On Writing

Published on April 28, 2014 (↻ February 5, 2024), filed under (RSS feed for all categories).

I’m staring at 29 ideas for articles, manifested in text files, for offline writing purposes. 8 are stubs. 14 are in progress. 7 are finished. All of them annoy me. I have 7 “social posts,” too. 7 finished. I don’t draft “social posts.” They annoy me, too.

It’s not that just having re-read The Elements of Style intimidates me. Or Clark’s very promising Writing Tools, freshly started. Or the fact that I’m not a native English speaker.

If it did, I don’t think I’d want to violate that many style rules in this article alone. Nor had I written 100 Things. No, it has something to do with fear. I chicken out.

As I publicly branched out into other fields—adventure and philosophy, most notably—the size of my world increased. But I do carry the pressure of an I-guess-yes-not-bad career as well as 35 springs, or summers, or autumns with me. That means, more room to write about, less room to f it up. Or so.

I just added a note to Keep, which I use to brainstorm and track thoughts and quotes:

1 Question: Writing

What’s up here with my hesitation, and my worries?

I haven’t thought about the note yet. I thought instead to work through the dilemma here. The dilemma that has something to do with fears.

I have one draft here that is very critical of the United States. I want to call them out on killing millions of people and, instead of doing memorial services for the millions of innocents they murdered all over the world, setting the U.S. propaganda machinery in motion to provoke another World War, just so that the international banking cartel and the military-industrial complex can make more billions on the graves of our mothers and brothers. (Cartel and complex are not subject of the post, either.)

I have one draft here that got just rejected by Smashing Magazine for maybe terrible writing, but equally maybe a biased, bitter, or inexperienced reviewer. I may never find out; I won’t probe. But it stings, of course, and doubt sets in. Am I a misunderstood genius? Or have I written some BS nobody wants to read?

Then I have a draft here that calls to do something about admitting electronic evidence in courts, a draft that I got an unspecific response for from Felix von Leitner and a “no time” from Bruce Schneier. FML. What do you do, then? Well, what do I do?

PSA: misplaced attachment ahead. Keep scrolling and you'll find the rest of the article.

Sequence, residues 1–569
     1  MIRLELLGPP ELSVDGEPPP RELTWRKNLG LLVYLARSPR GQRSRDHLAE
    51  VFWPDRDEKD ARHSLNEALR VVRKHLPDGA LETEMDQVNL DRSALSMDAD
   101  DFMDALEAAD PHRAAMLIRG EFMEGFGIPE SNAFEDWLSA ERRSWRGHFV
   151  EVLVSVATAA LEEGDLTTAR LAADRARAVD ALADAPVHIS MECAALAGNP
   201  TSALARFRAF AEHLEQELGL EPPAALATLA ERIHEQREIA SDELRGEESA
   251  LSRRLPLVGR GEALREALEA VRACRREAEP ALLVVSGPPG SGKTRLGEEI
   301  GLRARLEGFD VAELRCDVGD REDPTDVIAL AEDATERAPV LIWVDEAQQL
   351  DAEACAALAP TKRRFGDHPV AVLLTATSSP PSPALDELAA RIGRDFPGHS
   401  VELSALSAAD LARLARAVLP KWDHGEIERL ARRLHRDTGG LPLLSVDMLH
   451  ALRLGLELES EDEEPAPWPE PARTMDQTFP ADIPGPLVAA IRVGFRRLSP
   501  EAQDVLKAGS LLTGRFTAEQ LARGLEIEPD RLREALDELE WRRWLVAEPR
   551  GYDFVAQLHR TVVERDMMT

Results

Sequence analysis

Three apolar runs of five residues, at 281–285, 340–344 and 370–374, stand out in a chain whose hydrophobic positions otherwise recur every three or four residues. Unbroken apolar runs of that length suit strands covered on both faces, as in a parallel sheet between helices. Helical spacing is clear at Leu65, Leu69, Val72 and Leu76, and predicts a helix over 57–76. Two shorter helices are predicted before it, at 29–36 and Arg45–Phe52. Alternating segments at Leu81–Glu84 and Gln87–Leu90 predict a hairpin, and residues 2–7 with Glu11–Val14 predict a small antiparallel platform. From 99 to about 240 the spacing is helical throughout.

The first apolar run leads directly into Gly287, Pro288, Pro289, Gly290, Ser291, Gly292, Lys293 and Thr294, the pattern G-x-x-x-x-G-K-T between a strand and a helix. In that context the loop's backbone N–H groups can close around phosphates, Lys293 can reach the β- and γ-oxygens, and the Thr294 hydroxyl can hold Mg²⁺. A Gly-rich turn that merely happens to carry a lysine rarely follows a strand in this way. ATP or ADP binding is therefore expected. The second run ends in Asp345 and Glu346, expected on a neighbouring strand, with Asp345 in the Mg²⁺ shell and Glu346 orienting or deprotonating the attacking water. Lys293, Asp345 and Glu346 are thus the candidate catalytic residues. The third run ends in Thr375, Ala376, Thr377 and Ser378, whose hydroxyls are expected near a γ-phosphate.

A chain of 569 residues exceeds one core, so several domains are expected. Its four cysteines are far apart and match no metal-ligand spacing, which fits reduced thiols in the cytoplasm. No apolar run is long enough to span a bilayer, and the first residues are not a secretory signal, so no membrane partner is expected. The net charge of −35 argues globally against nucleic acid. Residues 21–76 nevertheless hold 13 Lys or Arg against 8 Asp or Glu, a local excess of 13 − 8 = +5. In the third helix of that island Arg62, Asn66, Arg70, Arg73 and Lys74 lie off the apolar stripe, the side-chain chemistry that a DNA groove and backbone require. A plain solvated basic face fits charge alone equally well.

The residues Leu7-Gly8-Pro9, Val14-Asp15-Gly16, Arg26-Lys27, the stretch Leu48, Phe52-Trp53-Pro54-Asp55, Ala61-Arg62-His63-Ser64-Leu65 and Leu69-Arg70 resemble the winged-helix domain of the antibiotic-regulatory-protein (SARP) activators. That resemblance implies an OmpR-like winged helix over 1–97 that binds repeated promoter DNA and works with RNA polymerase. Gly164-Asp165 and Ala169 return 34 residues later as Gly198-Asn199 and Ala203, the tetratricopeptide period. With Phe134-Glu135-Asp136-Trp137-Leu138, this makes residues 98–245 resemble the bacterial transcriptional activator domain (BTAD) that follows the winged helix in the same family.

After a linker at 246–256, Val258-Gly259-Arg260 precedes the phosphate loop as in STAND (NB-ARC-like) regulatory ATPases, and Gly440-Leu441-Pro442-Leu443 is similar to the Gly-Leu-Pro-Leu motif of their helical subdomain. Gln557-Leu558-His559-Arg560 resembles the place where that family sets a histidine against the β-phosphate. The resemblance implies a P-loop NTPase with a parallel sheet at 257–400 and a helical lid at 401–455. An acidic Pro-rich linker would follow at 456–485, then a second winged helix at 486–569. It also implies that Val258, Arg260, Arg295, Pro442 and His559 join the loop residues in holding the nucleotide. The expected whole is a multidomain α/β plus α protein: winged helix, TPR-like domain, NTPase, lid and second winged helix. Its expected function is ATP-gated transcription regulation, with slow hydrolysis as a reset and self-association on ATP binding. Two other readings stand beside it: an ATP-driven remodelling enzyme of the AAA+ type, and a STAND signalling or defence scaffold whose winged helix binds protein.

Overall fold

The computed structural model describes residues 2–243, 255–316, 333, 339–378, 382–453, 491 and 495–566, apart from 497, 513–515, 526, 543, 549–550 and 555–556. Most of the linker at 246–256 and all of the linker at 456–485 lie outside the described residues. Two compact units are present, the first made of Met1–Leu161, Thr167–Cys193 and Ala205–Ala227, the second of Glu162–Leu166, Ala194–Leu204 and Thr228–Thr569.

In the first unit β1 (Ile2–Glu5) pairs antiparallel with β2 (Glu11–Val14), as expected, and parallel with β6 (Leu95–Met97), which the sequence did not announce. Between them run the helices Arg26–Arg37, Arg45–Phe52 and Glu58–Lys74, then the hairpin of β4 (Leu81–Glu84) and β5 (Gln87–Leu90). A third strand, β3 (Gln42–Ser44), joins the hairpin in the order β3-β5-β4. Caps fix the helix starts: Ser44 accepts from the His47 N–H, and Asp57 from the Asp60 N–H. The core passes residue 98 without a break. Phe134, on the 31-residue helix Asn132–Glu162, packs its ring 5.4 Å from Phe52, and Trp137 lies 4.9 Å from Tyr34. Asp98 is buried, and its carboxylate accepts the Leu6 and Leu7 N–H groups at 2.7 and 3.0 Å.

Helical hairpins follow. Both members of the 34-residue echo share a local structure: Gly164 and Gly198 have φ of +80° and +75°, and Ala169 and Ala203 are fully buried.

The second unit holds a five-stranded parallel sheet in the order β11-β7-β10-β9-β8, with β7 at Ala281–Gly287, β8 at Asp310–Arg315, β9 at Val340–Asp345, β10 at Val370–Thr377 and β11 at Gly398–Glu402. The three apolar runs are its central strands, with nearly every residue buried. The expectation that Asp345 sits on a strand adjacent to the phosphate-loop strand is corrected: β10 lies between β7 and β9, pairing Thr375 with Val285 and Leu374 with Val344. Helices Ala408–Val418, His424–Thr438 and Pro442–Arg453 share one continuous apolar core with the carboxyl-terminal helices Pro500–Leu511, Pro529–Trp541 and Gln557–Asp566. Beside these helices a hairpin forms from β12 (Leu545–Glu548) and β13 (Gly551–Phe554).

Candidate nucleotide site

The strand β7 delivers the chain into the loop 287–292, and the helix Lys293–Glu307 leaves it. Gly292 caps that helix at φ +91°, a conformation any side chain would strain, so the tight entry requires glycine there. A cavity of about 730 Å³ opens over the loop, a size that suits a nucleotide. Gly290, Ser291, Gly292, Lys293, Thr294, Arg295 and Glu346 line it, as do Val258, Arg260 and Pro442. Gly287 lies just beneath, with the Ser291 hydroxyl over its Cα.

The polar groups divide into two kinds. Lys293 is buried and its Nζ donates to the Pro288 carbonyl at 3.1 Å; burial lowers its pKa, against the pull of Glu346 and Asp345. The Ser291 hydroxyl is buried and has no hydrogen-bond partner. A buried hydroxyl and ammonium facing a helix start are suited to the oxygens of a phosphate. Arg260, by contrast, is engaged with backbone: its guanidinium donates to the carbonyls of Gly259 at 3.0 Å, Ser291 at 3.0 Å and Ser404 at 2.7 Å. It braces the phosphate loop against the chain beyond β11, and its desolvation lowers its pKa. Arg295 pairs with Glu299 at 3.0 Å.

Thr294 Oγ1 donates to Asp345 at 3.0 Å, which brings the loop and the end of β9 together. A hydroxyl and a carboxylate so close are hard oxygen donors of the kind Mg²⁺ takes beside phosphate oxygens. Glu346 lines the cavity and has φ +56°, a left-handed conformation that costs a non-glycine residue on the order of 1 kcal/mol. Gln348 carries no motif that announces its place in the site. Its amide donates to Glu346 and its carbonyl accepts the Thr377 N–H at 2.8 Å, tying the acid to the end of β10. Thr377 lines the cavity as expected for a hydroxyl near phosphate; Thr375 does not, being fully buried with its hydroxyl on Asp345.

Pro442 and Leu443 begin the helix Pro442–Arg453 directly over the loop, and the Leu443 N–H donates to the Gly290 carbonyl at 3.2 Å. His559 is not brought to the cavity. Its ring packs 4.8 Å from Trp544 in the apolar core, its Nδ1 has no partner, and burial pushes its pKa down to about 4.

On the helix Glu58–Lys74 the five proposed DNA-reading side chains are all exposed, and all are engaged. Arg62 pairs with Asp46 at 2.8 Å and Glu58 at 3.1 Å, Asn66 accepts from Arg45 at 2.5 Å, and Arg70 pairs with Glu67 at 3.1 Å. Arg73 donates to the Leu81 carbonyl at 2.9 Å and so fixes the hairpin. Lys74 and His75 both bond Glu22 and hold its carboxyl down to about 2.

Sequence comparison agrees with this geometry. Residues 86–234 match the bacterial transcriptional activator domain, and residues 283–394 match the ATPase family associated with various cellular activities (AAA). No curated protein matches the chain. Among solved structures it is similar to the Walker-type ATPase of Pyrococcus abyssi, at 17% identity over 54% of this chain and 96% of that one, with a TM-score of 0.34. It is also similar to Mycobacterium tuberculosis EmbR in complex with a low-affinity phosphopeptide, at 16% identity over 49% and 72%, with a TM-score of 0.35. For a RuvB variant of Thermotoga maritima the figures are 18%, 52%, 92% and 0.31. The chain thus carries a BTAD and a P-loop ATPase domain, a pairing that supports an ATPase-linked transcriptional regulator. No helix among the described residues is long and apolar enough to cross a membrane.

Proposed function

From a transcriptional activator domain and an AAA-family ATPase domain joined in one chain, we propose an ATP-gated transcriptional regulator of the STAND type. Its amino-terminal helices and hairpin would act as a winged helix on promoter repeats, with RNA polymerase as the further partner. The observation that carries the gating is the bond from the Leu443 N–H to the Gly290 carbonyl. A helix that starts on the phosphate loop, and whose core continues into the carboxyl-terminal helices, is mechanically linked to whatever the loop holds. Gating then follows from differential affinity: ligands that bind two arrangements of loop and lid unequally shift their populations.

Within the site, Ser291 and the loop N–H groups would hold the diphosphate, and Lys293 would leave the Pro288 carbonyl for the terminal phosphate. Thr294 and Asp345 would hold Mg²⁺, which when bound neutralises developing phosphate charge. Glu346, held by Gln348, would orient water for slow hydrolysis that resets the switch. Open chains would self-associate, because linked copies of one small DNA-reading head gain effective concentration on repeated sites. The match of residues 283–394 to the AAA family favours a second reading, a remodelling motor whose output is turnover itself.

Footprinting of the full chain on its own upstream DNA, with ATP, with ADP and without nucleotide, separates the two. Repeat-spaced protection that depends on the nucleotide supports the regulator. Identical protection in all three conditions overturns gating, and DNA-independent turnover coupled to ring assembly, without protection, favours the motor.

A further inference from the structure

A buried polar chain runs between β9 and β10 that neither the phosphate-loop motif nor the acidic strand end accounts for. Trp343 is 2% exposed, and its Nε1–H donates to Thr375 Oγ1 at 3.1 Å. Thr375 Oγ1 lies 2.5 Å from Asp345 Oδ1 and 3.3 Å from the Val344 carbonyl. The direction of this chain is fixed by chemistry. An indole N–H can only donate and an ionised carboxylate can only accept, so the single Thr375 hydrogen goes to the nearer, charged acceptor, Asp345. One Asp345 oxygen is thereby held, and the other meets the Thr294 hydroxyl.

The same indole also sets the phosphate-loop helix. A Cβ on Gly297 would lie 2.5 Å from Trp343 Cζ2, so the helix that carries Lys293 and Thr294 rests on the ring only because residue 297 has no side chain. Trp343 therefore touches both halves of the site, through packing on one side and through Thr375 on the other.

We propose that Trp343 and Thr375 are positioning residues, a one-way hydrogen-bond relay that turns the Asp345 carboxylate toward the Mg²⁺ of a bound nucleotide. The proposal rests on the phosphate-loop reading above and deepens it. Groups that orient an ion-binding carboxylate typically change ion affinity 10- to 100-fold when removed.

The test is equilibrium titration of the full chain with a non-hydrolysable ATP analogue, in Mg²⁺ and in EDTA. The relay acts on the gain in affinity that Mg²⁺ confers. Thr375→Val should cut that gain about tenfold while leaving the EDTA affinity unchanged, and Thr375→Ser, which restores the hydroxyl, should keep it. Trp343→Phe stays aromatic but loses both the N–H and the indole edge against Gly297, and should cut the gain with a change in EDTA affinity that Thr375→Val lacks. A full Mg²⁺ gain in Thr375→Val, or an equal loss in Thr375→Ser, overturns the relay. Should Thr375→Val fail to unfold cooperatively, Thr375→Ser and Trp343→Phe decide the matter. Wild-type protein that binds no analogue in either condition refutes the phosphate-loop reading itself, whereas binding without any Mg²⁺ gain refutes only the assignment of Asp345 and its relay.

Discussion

Chicken out. I keep staring at the drafts, and I look at them, tweak here and there, dilute and distort them, and I doubt, and I might instead write some half-a’ed questions web developers don’t want to care about or books I somewhat am nervous about sharing.

But, maybe, perhaps, eventually, tossing all Strunk and White and Clark out of the hotel window, I should just f it, suck it up, and write. Maybe I should write about what I care about, let the words pour out, and f your point of view. Not because I don’t care, but because I care too much.

So maybe I do that. Maybe I do that right now, with this post. So if I do have the guts to proceed you may begin to see more posts here, worse style, more controversy, more hurt feelings, but maybe you will sense a bit more life flowing through them, too. But I really like to stop now. Thanks for listening. And, yes, for not deeming me an idiot if I mistype something or criticize your pet peeve or so, if that’s still my concern. Thanks. Bye.


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About Me

Jens Oliver Meiert, on September 30, 2021.

I’m Jens (long: Jens Oliver Meiert), and I’m a frontend engineering leader and tech author/publisher. I’ve worked as a technical lead for companies like Google and as an engineering manager for companies like Miro, I’m close to W3C and WHATWG, and I write and review books for O’Reilly and Frontend Dogma.

I love trying things, not only in web development (and engineering management), but also in other areas like philosophy. Here on meiert.com I share some of my views and experiences.

If you want to do me a favor, interpret charitably (I speak three languages, and they can collide), yet be critical and give feedback for me to learn and improve. Thank you!

Comments (Closed)

  1. On April 28, 2014, 20:43 CEST, JT said:

    I think we can all relate to fear, whether it’s what other people think, or what we ourselves think—of the quality of our work, or the sheer ideas themselves. The great thing about being able to publish, as you do on this blog and via your published books, is that this is your podium. Write about what matters to you as you only have to be accountable to yourself and your thoughts.